Marker placement and motion capture
Infrared-reflective tape (Scotchlite 8850; 3M, Manchester, UK) covering styrofoam hemispheres (7 cm diameter for all elephants, except the juveniles, for which 3.5 cm diameters were used) were attached to the skin with double-sided carpet tape, over palpable landmarks. Fig. 1 explains these landmarks and positions. The ears (particularly in African elephants) hid the shoulder marker in some trials so data on the upper arm segment and elbow joint angle are scarcer. Due to time constraints (sunlight, animal and trainer availability, and manageability) the number of markers we could use was limited. This was exacerbated by the tendency of elephants to intentionally or accidentally dislodge or destroy markers. We considered using multiple-marker clusters to rigorously quantify 3D limb motions (e.g. Cappozo et al., 2005; Rubenson et al., 2007) but this was judged to be impossible under the constrained conditions.
A synchronized six-camera Qualisys (Gothenburg, Sweden) MCU 500 system (240 Hz) was used to record elephant limb marker motions, digitally triggered at the start of each trial. The system was calibrated before and after trials to a 3-D measurement accuracy of ∼1 mm. Total capture volume varied with ambient light and other conditions but was generally ∼12 m×3 m×4 m. Animal forward velocity for each stride was measured by calculating the averages of the hip and shoulder marker velocities. We defined steady-state trials as those in which the absolute difference between the forward velocities at two consecutive heel strikes was less than 20% of the average forward velocity. Trials with greater or smaller values of acceleration/deceleration were discarded. Froude numbers [Fr=v2/(hg)] and dimensionless speed (û=Fr0.5) were calculated to normalize speeds (e.g. Alexander and Jayes, 1983) for comparison between elephants of different sizes and with previous stride parameter data (Hutchinson et al., 2006).
To estimate maximal joint ranges of motion, we conducted in vitro studies with fresh cadaveric limb material (joint capsules and ligaments intact, skin and muscles removed) of one juvenile Asian elephant (830 kg body mass; 3 years old at death) that had no significant musculoskeletal pathologies. We used the same motion capture system described above but with the cameras in a ring around the specimen, and 2.5 cm diameter markers attached on bony landmarks and anatomical reference points (total of at least five markers per segment) to calculate the sagittal plane joint motions (detailed below) of the hip, shoulder, knee and elbow joints. We captured a static pose emulating standing posture (for calibration of distances between markers), then manually flexed and extended each joint, one at a time, through its maximal range of motion for five trials per joint. Measurements on an additional adult elephant cadaver were performed but we were unable to safely apply sufficiently large loads to cover a plausibly large range of motion. For comparisons with other species, we conducted the same in vitro measurements with the forelimbs and hindlimbs of one Dutch Warmblood horse (adult, previously healthy, 500 kg body mass) using the same markers as Back et al. (Back et al., 1995a; Back et al., 1995b) and collated literature data for cats, dogs and humans (see Discussion).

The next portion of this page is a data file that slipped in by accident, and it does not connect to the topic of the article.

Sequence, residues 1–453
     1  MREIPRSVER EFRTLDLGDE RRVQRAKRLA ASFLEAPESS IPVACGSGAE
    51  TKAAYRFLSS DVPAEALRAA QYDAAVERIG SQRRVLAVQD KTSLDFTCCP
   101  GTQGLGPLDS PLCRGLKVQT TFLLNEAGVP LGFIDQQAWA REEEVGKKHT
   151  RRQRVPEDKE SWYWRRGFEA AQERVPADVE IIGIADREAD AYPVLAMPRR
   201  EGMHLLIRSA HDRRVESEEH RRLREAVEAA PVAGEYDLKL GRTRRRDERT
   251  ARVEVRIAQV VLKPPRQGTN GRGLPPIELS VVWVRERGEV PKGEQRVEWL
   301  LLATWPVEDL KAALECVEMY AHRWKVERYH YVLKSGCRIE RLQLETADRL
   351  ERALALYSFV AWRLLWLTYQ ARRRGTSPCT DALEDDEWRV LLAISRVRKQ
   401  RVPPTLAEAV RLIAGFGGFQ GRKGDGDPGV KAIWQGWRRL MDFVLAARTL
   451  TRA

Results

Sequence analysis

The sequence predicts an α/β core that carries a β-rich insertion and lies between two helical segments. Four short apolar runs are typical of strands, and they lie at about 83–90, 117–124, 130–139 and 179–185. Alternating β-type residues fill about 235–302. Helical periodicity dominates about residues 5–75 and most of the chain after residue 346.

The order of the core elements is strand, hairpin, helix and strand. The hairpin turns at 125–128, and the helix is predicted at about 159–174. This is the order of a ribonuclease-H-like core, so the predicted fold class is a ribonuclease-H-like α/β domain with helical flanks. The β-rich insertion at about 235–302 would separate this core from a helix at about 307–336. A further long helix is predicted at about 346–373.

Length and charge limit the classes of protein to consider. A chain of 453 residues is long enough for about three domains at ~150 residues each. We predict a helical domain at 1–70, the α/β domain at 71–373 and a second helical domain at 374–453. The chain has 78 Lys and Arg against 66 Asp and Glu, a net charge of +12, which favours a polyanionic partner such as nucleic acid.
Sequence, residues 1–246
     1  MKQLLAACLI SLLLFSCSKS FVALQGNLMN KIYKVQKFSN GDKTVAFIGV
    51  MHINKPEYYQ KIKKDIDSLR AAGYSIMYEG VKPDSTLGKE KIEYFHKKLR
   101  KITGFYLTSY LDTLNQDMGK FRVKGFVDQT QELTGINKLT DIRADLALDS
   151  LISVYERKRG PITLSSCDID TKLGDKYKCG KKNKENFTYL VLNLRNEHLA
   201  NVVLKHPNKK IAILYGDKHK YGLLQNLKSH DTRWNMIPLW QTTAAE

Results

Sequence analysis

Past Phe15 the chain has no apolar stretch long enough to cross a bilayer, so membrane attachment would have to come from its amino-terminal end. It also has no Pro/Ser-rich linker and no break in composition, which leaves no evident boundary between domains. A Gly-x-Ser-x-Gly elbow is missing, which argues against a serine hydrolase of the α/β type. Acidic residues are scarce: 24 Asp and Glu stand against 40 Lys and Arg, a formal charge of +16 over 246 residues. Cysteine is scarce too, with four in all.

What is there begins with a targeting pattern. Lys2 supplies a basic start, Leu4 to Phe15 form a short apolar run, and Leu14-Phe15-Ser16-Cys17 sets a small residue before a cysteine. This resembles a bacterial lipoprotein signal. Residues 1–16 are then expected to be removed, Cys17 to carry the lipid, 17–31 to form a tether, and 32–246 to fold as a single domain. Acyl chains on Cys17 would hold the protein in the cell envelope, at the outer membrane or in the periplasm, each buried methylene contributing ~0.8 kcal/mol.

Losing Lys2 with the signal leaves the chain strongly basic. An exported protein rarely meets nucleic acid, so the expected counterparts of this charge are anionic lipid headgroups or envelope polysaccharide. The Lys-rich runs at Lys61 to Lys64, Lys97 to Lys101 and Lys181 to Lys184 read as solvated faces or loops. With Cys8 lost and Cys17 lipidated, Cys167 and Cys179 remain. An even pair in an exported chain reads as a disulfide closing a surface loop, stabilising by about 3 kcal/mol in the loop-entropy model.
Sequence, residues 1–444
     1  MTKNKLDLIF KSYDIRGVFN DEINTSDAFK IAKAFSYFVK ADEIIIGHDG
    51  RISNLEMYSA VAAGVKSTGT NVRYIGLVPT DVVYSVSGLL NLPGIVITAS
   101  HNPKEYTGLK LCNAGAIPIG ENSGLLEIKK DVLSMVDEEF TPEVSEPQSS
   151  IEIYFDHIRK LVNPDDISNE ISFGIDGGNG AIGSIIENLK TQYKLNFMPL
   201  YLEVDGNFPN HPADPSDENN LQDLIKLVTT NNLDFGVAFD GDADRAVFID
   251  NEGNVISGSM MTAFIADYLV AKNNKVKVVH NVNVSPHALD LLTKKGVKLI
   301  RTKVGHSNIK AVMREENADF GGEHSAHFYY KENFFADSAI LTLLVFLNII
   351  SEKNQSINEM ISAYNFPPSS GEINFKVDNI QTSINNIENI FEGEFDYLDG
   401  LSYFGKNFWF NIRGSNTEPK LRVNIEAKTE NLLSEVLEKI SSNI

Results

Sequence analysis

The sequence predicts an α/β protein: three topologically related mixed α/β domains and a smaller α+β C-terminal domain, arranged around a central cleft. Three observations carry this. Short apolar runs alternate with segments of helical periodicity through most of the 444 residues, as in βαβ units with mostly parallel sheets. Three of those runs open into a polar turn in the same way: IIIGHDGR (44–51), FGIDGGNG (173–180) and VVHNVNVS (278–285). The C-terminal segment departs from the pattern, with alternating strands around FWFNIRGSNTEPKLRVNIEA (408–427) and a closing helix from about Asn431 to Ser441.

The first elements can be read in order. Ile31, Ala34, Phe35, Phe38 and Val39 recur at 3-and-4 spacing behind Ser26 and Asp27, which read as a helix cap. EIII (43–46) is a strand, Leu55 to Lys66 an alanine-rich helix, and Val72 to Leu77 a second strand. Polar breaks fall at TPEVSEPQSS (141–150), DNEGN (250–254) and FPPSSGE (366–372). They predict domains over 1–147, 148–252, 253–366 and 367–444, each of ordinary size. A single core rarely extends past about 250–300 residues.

Angle and angular velocity calculations
All motion analysis 3-D coordinate data were first filtered using a low-pass, zero-lag Butterworth digital filter [fourth order, cut-off frequency 8 Hz (Winter et al., 1974)]. We calculated the sagittal plane (approximated as the plane parallel to the mean direction of motion in each trial) motions of the upper arm, forearm, forefoot (manus), thigh, shank and hindfoot (pes) segments and the elbow, wrist, knee and ankle joints. Segmental angles were `external' angles measured with respect to the vertical. Joint angles were the `internal' angles between two articulated segments. As there were no repeatable landmarks on the scapula or pelvis that we trusted to have minimal skin motion, we did not measure shoulder or hip joint angles, although our upper arm and thigh segmental angles are roughly comparable to these. More detailed analyses of 3-D kinematics and skin motion for these two joints and the scapula segment [a critical component of mammalian limb motion (Fischer and Blickhan, 2006; Fischer et al., 2002)] are still needed. Qualitative estimates of segment abduction and adduction can be made using our data (as the motion capture is inherently 3-D; see Discussion for qualitative descriptions of these motions) but here we focus primarily on sagittal plane motions as these are clearly the dominant component of elephant limb motion. Angular velocities of joints and segments were calculated using a first-order finite differentiation method (Pezzack et al., 1977).
We divided trials into their component strides by identifying the stance and swing phases for each limb. Limb touch-down was defined as when the vertical position (extracted from our motion capture data) of the fore- or hindfoot carpal or tarsal marker reached its minimum. Limb lift-off was defined as when the fore or hind limb middle toe marker (Fig. 1) reached its lowest position (Hutchinson et al., 2006) (Fig. 2). The resulting duty factors matched those at comparable speeds from video data (Hutchinson et al., 2006), validating this approach and avoiding a reliance on lower-resolution video footfall identification.